US Sending Asylum Seekers To Guatemala Without Telling Them Where They’re Going


Trump administration is sending asylum seekers back to Central America, often without telling them where they're going.

The Trump administration is shipping Honduran and Salvadoran asylum seekers who arrive at the U.S. border to a “safe third country” to seek refuge there, but most of the migrants are being pushed onto planes without being told where they are going or what to do next, according to The Washington Post

When migrants land in Guatemala City, they received little information about applying for asylum in one of the hemisphere’s poorest countries. Those that don’t immediately apply must leave the country within 72 hours. 

“In the U.S., the agents told us our cases would be transferred, but they didn’t say where. Then they lined us up to get on the plane,” said a woman named Marta, 43, from Honduras. She sat in a migrant shelter with her 17-year-old son who nursed a gunshot wound in his left cheek, the work of a Honduran faction of the MS-13 gang.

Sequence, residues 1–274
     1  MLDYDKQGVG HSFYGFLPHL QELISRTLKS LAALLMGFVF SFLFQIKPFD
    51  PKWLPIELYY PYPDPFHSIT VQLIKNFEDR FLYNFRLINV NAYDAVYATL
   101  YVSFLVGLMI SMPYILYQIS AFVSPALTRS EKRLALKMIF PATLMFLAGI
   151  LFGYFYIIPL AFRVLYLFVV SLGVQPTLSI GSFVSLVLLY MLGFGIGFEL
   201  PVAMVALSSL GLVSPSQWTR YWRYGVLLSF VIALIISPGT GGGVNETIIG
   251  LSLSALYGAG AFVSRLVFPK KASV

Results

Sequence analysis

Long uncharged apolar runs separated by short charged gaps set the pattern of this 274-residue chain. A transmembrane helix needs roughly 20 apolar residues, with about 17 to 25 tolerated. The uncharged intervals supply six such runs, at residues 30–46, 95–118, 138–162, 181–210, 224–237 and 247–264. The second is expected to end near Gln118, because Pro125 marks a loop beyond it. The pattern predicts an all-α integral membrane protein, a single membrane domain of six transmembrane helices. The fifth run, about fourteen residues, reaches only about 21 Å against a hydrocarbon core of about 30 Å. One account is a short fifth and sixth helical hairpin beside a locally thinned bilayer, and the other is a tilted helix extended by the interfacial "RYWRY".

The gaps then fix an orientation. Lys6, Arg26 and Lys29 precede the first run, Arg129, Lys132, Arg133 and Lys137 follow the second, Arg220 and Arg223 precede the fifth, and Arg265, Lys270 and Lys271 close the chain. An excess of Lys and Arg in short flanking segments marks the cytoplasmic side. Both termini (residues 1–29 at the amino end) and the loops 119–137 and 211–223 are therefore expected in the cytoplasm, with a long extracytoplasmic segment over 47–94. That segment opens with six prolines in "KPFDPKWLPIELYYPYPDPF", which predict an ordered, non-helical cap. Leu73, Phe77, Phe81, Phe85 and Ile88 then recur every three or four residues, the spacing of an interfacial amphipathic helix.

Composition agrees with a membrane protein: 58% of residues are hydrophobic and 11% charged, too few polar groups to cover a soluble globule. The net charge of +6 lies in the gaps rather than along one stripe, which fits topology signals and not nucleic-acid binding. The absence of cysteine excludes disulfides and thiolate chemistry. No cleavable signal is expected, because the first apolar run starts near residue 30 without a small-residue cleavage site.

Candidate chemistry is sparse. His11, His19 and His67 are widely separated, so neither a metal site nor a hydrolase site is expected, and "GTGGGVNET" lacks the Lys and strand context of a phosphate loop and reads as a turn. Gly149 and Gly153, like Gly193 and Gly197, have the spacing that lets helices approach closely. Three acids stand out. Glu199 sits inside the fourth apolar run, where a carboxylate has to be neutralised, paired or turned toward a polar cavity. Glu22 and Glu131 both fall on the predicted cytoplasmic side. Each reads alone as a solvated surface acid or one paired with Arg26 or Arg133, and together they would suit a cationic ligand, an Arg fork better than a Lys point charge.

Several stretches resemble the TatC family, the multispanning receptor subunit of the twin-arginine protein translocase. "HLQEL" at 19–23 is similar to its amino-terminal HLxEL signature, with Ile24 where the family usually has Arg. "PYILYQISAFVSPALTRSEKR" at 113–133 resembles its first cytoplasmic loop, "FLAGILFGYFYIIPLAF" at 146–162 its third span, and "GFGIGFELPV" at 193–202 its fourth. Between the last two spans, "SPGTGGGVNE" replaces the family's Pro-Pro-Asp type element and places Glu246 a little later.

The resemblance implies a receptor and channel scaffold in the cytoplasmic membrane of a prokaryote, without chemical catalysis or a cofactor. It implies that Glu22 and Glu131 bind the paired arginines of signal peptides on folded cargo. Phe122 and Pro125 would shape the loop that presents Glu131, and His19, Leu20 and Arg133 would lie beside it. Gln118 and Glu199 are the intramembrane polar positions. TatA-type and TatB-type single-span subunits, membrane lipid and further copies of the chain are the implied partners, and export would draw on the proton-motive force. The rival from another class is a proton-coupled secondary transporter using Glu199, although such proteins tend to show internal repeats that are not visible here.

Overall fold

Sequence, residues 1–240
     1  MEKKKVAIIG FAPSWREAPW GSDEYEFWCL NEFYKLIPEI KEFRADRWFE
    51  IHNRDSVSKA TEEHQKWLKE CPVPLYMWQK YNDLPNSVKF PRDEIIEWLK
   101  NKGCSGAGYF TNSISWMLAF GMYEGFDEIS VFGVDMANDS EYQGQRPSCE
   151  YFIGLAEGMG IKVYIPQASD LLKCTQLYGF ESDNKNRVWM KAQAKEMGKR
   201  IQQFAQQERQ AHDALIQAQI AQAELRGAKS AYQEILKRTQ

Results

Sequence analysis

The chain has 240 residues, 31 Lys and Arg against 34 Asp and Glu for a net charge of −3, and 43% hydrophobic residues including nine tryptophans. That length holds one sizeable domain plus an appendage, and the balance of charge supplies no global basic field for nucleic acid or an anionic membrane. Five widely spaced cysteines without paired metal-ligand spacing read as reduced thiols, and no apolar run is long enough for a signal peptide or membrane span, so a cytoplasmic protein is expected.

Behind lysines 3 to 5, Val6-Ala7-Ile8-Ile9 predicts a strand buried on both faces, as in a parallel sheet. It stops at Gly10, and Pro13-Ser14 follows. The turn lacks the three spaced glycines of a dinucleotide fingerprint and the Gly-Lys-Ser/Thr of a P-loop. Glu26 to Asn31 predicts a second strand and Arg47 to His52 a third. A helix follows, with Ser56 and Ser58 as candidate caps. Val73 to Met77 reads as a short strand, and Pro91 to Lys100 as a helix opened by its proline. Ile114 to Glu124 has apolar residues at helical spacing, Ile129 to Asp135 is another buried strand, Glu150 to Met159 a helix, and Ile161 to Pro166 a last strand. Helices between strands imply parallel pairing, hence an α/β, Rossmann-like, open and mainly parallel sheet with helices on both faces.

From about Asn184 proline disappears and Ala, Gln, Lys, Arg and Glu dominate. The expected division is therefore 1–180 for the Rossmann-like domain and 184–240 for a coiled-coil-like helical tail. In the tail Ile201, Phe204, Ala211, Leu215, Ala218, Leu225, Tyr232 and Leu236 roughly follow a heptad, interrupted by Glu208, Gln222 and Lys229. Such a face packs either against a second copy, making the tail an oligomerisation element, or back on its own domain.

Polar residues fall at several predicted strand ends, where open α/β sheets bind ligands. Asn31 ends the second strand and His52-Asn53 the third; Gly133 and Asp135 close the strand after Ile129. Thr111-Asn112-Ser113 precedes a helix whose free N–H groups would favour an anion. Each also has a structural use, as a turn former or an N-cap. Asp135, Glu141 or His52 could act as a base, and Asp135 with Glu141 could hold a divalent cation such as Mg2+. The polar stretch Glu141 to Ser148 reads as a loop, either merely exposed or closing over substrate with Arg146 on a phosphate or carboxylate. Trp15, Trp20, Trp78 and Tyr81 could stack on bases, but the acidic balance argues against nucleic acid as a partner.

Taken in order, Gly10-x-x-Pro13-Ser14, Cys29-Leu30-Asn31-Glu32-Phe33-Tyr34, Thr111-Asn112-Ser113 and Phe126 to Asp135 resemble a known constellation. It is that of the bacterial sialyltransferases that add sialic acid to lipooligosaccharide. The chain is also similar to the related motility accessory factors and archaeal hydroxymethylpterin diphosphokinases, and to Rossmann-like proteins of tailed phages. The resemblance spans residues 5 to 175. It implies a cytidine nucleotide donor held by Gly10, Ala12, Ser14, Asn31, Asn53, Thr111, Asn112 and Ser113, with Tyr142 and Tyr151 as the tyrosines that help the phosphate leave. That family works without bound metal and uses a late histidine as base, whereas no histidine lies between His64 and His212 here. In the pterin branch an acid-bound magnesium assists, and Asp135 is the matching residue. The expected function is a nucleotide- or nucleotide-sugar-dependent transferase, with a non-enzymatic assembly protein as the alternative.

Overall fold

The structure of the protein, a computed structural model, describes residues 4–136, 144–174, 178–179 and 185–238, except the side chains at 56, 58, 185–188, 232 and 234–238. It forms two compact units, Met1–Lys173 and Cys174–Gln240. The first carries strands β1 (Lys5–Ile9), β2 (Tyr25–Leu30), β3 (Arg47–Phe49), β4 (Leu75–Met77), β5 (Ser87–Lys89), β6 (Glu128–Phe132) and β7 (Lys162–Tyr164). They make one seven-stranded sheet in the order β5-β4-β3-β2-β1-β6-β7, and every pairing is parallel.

“When we looked out the window, we were here,” she said. “We thought, ‘Where are we? What are we supposed to do now?’”

Human rights organizations in Guatemala say they have recorded dozens of cases of asylum seekers who were misled by U.S. officials into boarding flights. Furthermore, President Trump called the effort to remake the U.S. asylum system “terrific for [Guatemala] and terrific for us,” despite Guatemala being the largest source of migrants detained at the U.S. border in fiscal year 2019, at more than 264,000.

“It’s a total disaster,” said Thelma Shau, who has observed the arrival of asylum seekers at La Aurora International Airport.

The Office of the U.N. High Commissioner for Refugees is not participating in the program, but officials are aware of the problems. 

“UNHCR has a number of concerns regarding the Asylum Cooperation Agreement and its implementation,” said Sibylla Brodzinsky, UNHCR’s regional spokeswoman for Central America and Mexico. “We have expressed these concerns to the relevant U.S. and Guatemalan authorities. 

“Why would they send us to a country where the same gangs are operating?” asked Marta, who has frequently been ignored by U.S. immigration officials despite having a saved video on her phone of her son being tortured by MS-13 gang members. 

“They weren’t interested,” she said. “They just kept saying that your case will be transferred to an institution that can handle it.”

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